• Joeaverage Joeaverage on Mar 23, 2009

    We are talking only $1500 difference between the Focus and the Astra. Believe me I'm not going to worry that much about $1500. I'm going to buy what I want. If I am going so far as to spend HUGE money (anything more than $5K is huge money to me) on a depreciating asset then I'm going to buy what makes me happy. Sunroof, cruise, CD player, a/c, alloy wheels, etc. Besides that is a $25 difference per month between the Focus and Astra if the vehicle is financed for 60 months. I did note that you ouldn't find anything approaching the invoice price. I'd guess that if a person showed interest in an Astra that Saturn might "make a deal" just to move SOMETHING off of the lot. I haven't bought a Saturn before so I don't know how firmly they are priced. GM prob ran the numbers and decided that they expected to sell X units and so they'd make more money building them in Europe. If the car was a runaway hit - I don't know how since they keep it a secret - then they could build a production line here or Mexico. As much as I want to reward GM for a product that I wholeheartedly approve of - this coming from a guy that still hasn't seen one in person - I won't be lining up to buy one b/c the timing is all wrong for me personally. Maybe on the used market? Makes me sad b/c finally GM did something right but I don't feel like I can support them here. Want to. Not enough to dive into a car payment though.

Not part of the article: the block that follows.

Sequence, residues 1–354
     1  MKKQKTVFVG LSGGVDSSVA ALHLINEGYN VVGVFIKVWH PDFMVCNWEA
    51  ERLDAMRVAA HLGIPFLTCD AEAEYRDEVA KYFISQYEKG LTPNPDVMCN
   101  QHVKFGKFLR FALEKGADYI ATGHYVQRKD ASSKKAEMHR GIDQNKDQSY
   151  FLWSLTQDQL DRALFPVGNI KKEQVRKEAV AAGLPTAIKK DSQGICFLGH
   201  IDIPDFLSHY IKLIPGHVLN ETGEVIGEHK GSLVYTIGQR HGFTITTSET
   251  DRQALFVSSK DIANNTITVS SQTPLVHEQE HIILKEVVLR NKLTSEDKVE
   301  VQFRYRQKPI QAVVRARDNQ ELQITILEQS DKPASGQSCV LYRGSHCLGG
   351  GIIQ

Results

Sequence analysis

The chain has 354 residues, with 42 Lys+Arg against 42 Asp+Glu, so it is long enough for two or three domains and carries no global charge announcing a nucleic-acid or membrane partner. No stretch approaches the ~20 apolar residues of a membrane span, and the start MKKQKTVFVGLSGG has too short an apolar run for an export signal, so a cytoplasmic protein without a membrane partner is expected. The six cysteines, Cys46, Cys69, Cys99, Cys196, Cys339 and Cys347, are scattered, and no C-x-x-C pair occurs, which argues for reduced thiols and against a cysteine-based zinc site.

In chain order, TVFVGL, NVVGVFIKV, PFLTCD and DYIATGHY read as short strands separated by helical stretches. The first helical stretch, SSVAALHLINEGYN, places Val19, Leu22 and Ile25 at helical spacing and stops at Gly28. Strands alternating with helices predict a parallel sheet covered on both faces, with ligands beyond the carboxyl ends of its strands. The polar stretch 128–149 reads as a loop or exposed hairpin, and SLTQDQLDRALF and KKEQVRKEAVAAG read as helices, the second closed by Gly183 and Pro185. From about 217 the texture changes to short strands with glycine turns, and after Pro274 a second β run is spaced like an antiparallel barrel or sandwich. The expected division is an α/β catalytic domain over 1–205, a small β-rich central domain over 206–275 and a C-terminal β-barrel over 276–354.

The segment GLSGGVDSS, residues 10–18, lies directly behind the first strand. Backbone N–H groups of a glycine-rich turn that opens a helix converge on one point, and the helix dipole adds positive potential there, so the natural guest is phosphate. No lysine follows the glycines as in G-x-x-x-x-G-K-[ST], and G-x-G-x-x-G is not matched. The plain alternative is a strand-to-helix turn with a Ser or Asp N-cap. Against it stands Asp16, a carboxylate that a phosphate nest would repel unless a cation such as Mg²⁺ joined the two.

• Charles I had one and loved it . Seated 7 people . Easy to park , great van
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  • Alan I would think Ford would beef up the drive line considering the torque increase, horse power isn't a factor here. I looked at a Harrop supercharger for my vehicle. Harrop offered two stages of performance. The first was a paltry 100hp to the wheels (12 000AUD)and the second was 250hp to the wheels ($20 000 (engine didn't rev harder so torque was significantly increased)). The Stage One had no drive line changes, but the Stage Two had drive line modifications. My vehicle weighs roughly the same as a full size pickup and the 400'ish hp I have is sufficient, I had little use for another 100 let alone 250hp. I couldn't see much difference in the actual supercharger setup other than a ratio change for the drive of the supercharger, so that extra $8 000 went into the drive line.